In their book Total Church, Tim Chester and Steve Timmis hit the nail on the head:
"The term mission is from a Latin word meaning "sent." Jesus sends is followers out into the world with his gospel word to make other followers who will go out into the world with his gospel word to make other followers in perpetuity. Missions begins in our own hearts as the gospel word of Christ crucified is effectively applied by the Spirit. And it does not stop until the far corners of the world. It is a constant continuum because mission is what we might call the steady state of God's people." (Total Church, p. 101, emphasis mine)
The bolded statement resonated with me when I first read it, almost getting my attention like fingernails on a chalk board. Do we really believe that our hearts need to be evangelized? Do we know our hearts need the gospel? Our need of the gospel is not a once and done sort of thing as we are to grow in the grace and knowledge of the Lord Jesus Christ. This is essentially growth in the gospel.
This statement reminds me very much about Richard Baxter's words in The Reformed Pastor that a preacher must first preach to his own heart. Well a missionary must first evangelize their own heart. We must make sure that we are delving into the riches of God's mercy given to us in the gospel. We must know through personal experience and confidence that having seen the condition of our heart and seeing where it is now that the gospel really is the power of God. Paul really didn't have any great missionary secret other than a deep seated personal conviction that the gospel really is the power of God. That knowledge and conviction brings boldness beyond what we could ever ask or imagine.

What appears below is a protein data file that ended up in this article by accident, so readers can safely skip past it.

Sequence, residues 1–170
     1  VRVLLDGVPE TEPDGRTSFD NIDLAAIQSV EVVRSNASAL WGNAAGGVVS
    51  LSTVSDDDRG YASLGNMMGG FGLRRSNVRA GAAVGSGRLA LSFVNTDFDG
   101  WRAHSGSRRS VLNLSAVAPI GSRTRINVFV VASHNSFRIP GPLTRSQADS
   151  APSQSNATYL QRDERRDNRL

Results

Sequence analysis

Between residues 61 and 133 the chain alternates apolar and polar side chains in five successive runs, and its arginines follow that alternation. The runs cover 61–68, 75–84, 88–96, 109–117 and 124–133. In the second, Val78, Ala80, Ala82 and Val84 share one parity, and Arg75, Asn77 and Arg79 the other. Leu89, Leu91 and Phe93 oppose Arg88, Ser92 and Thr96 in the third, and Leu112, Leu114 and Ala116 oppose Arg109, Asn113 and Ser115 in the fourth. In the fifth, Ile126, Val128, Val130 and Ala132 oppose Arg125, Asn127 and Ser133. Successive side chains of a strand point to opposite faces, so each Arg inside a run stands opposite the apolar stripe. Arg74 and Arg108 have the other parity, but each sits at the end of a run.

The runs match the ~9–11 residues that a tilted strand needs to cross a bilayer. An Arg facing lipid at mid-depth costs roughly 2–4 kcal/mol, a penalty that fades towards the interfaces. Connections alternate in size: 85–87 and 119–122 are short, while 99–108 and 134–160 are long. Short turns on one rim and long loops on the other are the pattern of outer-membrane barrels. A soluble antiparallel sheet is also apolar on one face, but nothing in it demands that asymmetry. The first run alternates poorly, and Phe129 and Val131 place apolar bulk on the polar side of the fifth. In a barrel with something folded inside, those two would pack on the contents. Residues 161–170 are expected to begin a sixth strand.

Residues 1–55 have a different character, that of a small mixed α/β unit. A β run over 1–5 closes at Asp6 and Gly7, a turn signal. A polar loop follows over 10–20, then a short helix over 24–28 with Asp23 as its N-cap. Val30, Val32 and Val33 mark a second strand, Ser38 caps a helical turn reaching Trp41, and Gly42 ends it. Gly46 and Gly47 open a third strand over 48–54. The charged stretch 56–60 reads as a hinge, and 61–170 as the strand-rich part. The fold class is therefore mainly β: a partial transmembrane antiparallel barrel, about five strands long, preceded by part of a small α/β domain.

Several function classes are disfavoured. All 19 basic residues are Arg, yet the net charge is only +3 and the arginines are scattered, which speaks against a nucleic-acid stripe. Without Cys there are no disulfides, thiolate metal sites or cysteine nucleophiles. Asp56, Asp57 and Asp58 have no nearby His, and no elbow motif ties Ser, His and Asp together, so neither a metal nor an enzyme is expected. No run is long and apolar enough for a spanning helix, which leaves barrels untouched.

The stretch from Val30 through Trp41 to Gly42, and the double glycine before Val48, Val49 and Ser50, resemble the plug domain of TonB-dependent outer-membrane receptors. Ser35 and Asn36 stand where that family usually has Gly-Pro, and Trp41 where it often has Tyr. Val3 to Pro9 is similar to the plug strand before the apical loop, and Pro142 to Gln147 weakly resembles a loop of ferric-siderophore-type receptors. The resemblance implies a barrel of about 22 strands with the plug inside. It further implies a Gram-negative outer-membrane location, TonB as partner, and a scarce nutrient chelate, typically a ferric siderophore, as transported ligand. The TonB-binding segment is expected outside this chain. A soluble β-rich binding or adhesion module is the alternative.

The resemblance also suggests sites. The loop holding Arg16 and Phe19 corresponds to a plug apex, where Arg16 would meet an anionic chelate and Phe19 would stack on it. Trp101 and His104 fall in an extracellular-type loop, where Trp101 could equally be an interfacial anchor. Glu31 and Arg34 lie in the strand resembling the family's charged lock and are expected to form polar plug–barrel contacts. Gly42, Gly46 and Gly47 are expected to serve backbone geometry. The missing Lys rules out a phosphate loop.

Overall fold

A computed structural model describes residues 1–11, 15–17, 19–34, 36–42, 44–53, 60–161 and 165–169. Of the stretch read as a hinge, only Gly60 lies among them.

There is of course a danger is being too individualist and introverted when we say "missions begins in our hearts." The simple solution there is to grasp the reality of Christ crucified: it is for God's glory. It is to bring worshippers to God. As John Piper has said: "Missions exists because worship does not."
I think there is a better way to apply Acts 1:8 than drawing circles around our church and moving outward. But by the same token, I'm not advocating we 'draw circles' outward in terms of our spheres of influence, although it might helpt to identify people in your life with whom you have contact, the level of contact and relationship you have with them and how to best share the gospel. What I am suggesting, is that I need to recognize the evangelism that the Spirit did in my heart. He used and uses the preaching of the gospel to save me and conform me to the image of Jesus, from one degree of glory to another. While my feet must be fitted with a readiness of gospel my job is proclamation--it is the job of the Spirit who Christ sends to actually apply 'Christ crucified' to the hearts of sinners. It's not about you and how suave you are, it's about Him and His power. And that too is good news.